Von Miller and Diplo Join Drake to Make Matcha Happen
(Bloomberg) -- The buzz surrounding matcha drinks—made from powdered green tea from Japan that’s rich in antioxidants—has certainly caught up in the U.S., converting even NFL football players to fans.
“The matcha craze has been real,” Denver Broncos linebacker Von Miller told Bloomberg News. It explains why he, along with musical artist Diplo, recently invested in a trendy New York-based matcha drink company.
MatchaBar, which operates three physical stores in Manhattan and Los Angeles, disclosed on Tuesday the closing of its third round to a Series A funding, which was about $3.5 million, led by the entertainers. Add that to Grammy award-winning artist Drake’s earlier boost in 2017, which remains undisclosed, and the company drew in a total of $8 million.
“MatchaBar made sense to invest in because they're a company that’s like me—they hustle,” Miller said, adding that he first heard about its drinks a little over six months ago. “They speak to my generation, and the opportunity to partner with them made sense to me and my team.”
Most of the investment will go into driving MatchaBar’s packaged goods business, says co-founder Graham Fortgang. The four-year-old drinks company, which brothers Graham and Max Fortgang started in Williamsburg, Brooklyn, had launched its newest product—Hustle, a “natural” energy drink made with matcha powder (MSRP $2.99)—in March.
The company also announced a social campaign, “Gift the Hustle,” in partnership with Whole Foods and Facebook and four celebrities—Diplo, Miller, actor Ansel Elgort, and singer Billie Eilish—to promote its new drink. Starting July 17, Facebook users will be able to use the platform’s messaging system to send friends a coupon for a free can of Hustle, which the first 20,000 can redeem at any Whole Foods in the U.S.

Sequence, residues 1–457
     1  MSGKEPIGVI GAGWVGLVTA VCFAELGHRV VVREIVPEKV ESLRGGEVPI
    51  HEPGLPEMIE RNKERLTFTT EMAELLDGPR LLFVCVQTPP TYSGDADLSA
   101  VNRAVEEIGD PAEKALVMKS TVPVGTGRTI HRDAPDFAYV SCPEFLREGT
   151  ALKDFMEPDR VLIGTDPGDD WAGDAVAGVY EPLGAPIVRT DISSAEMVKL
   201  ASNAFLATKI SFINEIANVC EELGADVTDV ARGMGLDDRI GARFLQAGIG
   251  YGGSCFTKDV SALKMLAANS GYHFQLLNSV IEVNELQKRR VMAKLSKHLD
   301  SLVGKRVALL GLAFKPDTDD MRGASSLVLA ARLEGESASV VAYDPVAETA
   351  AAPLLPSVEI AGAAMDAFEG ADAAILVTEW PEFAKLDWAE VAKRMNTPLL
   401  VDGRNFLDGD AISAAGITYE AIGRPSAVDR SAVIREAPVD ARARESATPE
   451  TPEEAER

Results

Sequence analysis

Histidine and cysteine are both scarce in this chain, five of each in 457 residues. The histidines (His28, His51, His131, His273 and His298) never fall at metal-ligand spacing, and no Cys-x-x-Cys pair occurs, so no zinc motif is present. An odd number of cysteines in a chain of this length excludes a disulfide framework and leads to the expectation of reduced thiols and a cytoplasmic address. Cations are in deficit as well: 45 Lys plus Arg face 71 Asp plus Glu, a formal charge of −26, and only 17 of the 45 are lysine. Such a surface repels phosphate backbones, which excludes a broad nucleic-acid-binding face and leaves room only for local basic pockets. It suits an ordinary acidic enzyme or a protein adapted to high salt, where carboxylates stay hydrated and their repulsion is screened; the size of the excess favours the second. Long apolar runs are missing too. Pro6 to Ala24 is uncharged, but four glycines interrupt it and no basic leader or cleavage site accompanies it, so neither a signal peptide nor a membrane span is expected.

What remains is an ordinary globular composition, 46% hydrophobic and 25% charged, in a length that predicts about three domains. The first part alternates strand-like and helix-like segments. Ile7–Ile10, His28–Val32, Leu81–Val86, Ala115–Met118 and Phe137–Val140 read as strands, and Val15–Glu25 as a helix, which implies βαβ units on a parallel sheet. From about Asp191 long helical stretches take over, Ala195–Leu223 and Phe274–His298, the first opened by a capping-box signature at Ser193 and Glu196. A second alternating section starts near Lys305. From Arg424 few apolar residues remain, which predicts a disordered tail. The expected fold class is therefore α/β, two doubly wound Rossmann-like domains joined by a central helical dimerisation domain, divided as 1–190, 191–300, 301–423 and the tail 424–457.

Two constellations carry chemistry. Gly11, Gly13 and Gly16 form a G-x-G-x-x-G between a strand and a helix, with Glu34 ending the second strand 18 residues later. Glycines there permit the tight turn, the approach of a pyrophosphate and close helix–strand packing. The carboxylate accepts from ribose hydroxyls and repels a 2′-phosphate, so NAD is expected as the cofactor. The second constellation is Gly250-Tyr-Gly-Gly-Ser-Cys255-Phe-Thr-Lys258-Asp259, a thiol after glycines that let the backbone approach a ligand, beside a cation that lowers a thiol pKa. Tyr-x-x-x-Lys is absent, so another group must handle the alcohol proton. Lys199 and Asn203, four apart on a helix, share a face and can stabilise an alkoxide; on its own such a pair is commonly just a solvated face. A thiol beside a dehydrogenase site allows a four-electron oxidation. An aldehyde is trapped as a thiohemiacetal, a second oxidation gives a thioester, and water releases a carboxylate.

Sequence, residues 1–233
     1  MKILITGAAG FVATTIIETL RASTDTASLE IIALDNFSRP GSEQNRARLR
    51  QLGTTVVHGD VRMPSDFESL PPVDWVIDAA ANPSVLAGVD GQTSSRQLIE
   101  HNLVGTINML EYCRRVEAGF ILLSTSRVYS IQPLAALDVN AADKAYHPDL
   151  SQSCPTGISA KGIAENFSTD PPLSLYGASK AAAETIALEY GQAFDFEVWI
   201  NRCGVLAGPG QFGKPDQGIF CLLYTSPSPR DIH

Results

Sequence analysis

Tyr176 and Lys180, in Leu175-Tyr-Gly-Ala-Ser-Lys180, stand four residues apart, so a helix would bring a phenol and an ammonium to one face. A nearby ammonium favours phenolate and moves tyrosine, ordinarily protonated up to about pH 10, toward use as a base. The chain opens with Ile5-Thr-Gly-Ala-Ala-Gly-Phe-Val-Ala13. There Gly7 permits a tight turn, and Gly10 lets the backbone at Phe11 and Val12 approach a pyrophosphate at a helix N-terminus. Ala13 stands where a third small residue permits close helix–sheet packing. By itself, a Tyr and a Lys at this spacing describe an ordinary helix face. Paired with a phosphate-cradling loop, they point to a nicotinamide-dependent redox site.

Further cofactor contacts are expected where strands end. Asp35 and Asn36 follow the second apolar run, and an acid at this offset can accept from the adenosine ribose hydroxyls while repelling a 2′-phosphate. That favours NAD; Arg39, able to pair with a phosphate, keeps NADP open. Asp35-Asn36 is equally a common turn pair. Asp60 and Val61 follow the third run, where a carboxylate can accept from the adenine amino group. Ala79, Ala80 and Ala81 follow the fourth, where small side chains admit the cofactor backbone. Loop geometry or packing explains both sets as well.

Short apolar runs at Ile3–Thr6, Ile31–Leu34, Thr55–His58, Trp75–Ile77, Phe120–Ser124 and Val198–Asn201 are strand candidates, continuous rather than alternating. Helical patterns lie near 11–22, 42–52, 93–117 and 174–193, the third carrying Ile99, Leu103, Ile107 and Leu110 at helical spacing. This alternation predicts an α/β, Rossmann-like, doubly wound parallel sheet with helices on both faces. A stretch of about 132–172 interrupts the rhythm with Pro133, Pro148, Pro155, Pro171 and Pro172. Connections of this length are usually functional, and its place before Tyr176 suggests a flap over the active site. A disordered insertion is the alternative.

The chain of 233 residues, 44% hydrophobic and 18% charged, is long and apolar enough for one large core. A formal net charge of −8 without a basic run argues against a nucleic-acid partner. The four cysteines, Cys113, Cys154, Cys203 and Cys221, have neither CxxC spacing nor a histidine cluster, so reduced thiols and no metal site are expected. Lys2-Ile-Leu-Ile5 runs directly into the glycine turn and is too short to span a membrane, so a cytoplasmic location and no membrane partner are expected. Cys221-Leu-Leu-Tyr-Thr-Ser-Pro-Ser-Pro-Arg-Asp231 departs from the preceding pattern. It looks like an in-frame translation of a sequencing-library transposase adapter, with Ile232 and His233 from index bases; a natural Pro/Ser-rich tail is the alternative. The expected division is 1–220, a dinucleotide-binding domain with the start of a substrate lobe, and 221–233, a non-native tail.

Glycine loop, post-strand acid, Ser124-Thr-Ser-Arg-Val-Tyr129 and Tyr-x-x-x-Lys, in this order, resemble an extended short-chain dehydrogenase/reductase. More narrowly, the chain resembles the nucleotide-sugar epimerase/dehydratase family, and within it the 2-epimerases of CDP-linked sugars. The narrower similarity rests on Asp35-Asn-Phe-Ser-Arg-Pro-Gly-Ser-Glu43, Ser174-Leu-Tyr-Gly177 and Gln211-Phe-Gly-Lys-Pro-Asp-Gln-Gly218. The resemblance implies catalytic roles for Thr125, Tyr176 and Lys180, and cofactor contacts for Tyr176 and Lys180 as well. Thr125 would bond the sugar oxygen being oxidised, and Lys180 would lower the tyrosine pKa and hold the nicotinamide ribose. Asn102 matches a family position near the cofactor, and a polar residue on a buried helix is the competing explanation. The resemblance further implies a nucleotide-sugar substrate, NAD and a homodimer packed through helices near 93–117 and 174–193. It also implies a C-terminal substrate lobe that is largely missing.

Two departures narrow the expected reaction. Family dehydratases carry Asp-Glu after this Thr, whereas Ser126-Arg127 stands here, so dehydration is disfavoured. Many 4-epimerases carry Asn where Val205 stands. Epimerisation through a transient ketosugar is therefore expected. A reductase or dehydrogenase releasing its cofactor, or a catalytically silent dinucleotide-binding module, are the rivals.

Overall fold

“We imagine the campaign will run out in a matter of days. There’s a combined following of 60 million across our partners,” Graham Fortgang says, adding that the coupons received after the first 20,000 will turn into a two-for-$5 deal.
The matcha tea market is expected to grow at a compound annual growth rate of about 4.6 percent globally over the next five years, according to market research firm Global Info Research. In the U.S., drink revenue is projected to rise from $1.39 billion in 2017 to $1.82 billion in 2023.
A 2-gram serving of matcha can contain 80 milligrams of caffeine, a little more than half that of a cup of coffee and about three times that of regular green tea, according to MatchaBar. With Americans still turning to energy drinks, says Fortgang, there was an opportunity for expansion into the space.
Each 12 fl.oz. can of Hustle delivers 120 milligrams of caffeine, which is about 10 milligrams more than in a regular can of a Red Bull energy drink, with 21 grams less sugar and less than half the calories; a sugar-free version is also available. Besides the ceremonial-grade matcha, lemon and lime extracts are added for flavor.
The U.S. energy and sports drink industry has grown year over year, with sales hitting $25 billion in 2016, and they’re expected to grow.
“We believe this category is not only ripe for disruption, but in fact is a little overdue for someone to come in,” says Fortgang.
©2018 Bloomberg L.P.